While a few commercial garages remain, the others have been converted into plush residences including the contemporary four-bedroom home, which is currently on the market for £4.35million.

The property is home to Phil, a writer who lives there with his two teenage children and girlfriend, Ellie, who works in an art gallery.

“We bought the house because we really wanted to live in Daleham Mews,” says Phil. “We love mewses generally but this is the most beautiful mews in Belsize Park.

“It’s got a really nice balance between a mews where people live and a mews where people work, it’s really nice having that activity going on, harking back to the mews’ history before anybody lived there.

The Daleham Mews property before the renovationThe Daleham Mews property before the renovation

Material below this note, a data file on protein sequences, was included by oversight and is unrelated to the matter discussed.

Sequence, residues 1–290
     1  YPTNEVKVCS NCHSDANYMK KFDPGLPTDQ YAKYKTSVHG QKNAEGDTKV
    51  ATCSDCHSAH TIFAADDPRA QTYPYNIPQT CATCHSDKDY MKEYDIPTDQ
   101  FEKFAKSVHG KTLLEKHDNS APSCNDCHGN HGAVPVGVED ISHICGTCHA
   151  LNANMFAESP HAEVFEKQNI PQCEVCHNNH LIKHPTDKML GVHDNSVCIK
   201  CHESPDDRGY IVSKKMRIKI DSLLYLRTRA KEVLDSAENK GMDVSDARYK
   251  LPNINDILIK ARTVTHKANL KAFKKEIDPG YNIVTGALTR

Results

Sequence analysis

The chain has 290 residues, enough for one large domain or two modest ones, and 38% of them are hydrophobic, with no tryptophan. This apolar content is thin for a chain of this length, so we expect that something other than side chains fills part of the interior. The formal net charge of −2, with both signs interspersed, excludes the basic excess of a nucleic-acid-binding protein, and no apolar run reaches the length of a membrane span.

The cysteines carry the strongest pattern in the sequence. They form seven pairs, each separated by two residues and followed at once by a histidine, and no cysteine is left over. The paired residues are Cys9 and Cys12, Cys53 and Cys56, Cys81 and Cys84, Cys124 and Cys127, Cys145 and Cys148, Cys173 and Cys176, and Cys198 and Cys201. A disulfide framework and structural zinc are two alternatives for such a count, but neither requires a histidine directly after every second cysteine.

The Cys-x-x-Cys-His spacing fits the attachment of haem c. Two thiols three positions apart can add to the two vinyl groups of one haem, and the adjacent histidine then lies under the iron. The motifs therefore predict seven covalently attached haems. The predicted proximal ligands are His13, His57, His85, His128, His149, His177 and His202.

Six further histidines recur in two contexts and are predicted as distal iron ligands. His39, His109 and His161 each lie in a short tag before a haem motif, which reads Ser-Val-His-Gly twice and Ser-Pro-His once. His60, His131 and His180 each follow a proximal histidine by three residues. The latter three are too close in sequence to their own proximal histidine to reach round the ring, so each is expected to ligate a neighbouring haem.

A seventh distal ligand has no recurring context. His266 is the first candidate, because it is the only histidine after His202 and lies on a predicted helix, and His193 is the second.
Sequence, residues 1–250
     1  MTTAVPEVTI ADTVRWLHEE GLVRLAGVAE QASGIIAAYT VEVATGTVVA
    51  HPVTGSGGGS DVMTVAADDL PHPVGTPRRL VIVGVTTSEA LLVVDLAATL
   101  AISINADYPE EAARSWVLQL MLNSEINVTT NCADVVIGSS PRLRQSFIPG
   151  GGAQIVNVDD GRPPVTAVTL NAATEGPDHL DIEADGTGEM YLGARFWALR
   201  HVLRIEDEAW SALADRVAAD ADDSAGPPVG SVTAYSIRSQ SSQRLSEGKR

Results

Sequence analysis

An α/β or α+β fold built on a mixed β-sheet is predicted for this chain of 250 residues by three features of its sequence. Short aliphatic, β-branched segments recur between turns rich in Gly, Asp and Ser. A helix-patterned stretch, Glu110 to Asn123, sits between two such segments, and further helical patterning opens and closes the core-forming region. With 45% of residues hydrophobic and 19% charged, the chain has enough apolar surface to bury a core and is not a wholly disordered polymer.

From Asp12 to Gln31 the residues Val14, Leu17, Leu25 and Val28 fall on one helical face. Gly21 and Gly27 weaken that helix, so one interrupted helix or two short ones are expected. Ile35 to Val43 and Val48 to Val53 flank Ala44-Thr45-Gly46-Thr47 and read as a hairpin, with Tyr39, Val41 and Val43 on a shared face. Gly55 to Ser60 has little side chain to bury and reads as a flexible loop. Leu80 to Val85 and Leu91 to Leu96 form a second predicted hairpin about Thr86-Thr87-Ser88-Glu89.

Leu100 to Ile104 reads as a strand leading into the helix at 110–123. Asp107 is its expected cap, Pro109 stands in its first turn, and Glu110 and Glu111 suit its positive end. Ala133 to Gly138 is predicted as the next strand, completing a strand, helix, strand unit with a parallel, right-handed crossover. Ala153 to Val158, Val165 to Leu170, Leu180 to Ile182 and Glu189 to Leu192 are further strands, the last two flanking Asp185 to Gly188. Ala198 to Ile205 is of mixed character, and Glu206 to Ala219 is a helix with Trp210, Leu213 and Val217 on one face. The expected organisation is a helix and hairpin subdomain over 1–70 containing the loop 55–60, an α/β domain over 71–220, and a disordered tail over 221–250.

“And then the reason we bought this house in particular is that it’s the most interesting house in any mews that we’d seen. It’s not what you’d expect from a mews house.”

The family bought the house five years ago from developers, who converted two adjoining properties into one, completely stripping and redeveloping the interior.

Shahriar Nasser Founder Director of Belsize Architects, the practice behind the renovation explains: “There were two separate mews houses and we basically demolished and rebuilt them and added the basement.

“We started out with the idea that the darker areas of the development should be the bedrooms, so we put them on the lower levels, and the living areas should be in the lighter areas – that’s how we design all our projects.